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Each bag comes with 20 little felt hearts, 4 of each color. (Note: this number later seemed ridiculously high when I was working on completing 16 bags – 300 hearts total.) Each heart is actually 3 layers of felt, hand sewn together.

DSC_0684The felt bag – meant to replicate the Sweetheart box – is completely hand sewn using a blanket stitch. The bag has 5 pieces: the two large rectangles for the front and back, two side piece and one bottom piece. To help with size consistency, I created templates out of card stock (which is a little out of character for me!)

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Using a blanket stitch did make the production time longer, but I think the homemade touch elevates the overall product. And so far, the product has been a major hit.

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So what are you waiting for? This bag of felt candy is the perfect gift for your little Valentines. Plus, you don’t have to worry about cavities!

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Side note: One customer asked me to create a felt bag with a flap (since she thought the felt hearts would quickly be lost otherwise). I was happy to oblige. I went back and forth about using a velcro dot (seems dangerous around felt), but (confession) it was my laziness that made the final decision. I couldn’t find a button to use around my house and I was too lazy to run to the store. Luckily, the customer didn’t mind!

Anthropologie-Inspired Felt Christmas Stocking

IMG_4921I know, I know. I’m writing about my Christmas stocking in the final days of January, but to my defense, this month has flown by. I’m ready to flip my calendar to February with hopeful thoughts that next month won’t be as crazy.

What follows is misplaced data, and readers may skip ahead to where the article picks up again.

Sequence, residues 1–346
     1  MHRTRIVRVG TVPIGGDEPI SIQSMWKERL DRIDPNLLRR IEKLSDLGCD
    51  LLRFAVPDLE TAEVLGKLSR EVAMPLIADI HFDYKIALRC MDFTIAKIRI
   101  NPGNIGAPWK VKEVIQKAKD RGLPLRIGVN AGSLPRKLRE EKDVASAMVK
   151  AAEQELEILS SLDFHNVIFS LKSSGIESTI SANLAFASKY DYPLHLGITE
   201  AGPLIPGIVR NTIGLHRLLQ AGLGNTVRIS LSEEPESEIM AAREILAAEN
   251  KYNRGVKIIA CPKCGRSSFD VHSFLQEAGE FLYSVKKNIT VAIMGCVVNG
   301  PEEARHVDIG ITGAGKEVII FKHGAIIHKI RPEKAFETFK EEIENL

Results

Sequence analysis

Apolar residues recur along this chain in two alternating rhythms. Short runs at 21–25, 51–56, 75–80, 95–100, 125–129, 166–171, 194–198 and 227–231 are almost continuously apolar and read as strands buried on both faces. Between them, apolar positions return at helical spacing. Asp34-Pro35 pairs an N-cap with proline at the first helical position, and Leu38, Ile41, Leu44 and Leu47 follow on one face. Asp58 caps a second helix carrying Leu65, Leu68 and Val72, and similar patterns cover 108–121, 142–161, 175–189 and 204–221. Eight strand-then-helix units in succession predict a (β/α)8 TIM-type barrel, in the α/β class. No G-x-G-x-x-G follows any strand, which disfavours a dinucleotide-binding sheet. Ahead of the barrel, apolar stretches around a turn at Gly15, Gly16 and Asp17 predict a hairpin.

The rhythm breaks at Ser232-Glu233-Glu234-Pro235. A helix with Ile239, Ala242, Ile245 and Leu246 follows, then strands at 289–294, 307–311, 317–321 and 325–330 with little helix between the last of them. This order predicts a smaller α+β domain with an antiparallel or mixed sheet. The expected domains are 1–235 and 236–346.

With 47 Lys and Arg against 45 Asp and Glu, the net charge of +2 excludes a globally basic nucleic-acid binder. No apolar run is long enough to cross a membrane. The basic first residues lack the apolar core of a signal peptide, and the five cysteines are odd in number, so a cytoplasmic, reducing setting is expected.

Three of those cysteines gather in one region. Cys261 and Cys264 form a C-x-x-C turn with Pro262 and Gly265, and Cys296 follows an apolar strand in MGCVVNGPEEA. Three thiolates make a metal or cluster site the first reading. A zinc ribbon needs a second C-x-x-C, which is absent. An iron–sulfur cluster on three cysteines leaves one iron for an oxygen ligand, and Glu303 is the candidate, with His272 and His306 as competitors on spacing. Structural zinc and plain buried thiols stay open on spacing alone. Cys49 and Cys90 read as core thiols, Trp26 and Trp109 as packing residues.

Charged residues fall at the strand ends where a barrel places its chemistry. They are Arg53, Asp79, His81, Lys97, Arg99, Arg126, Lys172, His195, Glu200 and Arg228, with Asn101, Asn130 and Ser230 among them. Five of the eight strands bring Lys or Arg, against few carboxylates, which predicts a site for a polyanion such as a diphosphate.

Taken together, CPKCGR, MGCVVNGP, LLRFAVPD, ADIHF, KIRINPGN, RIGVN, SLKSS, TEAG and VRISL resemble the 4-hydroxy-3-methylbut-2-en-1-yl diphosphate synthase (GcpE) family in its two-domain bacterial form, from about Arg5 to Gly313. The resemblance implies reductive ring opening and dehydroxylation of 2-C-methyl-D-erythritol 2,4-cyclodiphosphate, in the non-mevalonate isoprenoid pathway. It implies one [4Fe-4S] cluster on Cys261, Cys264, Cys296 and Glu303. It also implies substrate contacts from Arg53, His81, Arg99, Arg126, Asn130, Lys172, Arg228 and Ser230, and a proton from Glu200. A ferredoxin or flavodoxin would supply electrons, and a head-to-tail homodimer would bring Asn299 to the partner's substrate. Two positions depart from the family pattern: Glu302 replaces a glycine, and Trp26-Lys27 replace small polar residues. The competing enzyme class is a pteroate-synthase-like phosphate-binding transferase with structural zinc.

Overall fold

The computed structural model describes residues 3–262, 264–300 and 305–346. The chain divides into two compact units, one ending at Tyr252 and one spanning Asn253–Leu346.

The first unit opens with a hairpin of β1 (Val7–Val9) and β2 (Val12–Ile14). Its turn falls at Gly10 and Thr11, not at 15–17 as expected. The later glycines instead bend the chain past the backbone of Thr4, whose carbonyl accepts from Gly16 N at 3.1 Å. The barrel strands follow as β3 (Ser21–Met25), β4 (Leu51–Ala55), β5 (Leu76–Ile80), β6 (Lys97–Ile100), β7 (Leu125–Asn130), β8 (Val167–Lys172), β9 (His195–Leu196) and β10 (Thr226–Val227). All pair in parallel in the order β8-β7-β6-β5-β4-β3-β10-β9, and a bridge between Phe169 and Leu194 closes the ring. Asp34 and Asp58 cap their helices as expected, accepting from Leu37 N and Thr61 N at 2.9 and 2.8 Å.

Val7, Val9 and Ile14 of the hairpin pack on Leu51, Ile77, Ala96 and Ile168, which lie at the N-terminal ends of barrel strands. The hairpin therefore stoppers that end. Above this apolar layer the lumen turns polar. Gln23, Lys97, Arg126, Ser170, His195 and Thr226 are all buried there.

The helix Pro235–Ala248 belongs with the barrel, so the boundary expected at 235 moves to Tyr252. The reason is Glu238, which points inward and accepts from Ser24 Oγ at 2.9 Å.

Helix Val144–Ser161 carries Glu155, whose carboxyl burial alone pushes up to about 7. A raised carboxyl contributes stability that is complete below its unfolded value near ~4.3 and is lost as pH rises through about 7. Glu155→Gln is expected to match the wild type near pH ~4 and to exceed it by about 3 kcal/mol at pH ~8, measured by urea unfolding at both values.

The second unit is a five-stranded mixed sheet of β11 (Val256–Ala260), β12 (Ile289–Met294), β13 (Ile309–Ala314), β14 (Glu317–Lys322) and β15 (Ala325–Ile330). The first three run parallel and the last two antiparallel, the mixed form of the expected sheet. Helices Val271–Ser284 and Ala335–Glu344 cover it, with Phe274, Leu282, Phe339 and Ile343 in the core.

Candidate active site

But back to Christmas: this year I decided I wanted to buy a nice Christmas stocking, one that I would treasure year after year. When I stumbled across this stocking at Anthropologie, I was instantly smitten, but the price tag made me think twice. The thought is almost reflexive at this point: I could totally make this!

IMG_4907I’ll keep the picture of the Anthopologie stocking small because when placed side-by-side, my stocking looks pretty “crafty” in comparison. The difference is in the quality. I’m sure Anthopologie used expensive wool. I used acrylic felt from Hobby Lobby. They used these adorable mini pom poms with a trendy color pallet. I was stuck with the primary colored trim selection at JoAnn Fabrics.

Don’t get me wrong, I love how my stocking turned out, especially when you compare the price. I spent about $8. The item is now out of stock, but I remember Anthropologie selling it for almost $50.

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In my excitement of the project (plus, I made it really late at night and the lighting would have been a mess), I didn’t take many step-by-step pictures. But the process doesn’t venture far from a normal Christmas stocking tutorial. After cutting out the main piece of the stocking, I simply attached rows of trim. And instead of using my sewing machine, I used a blanket stitch to hand sew the stocking together. I used light blue thread to provide a little contrast.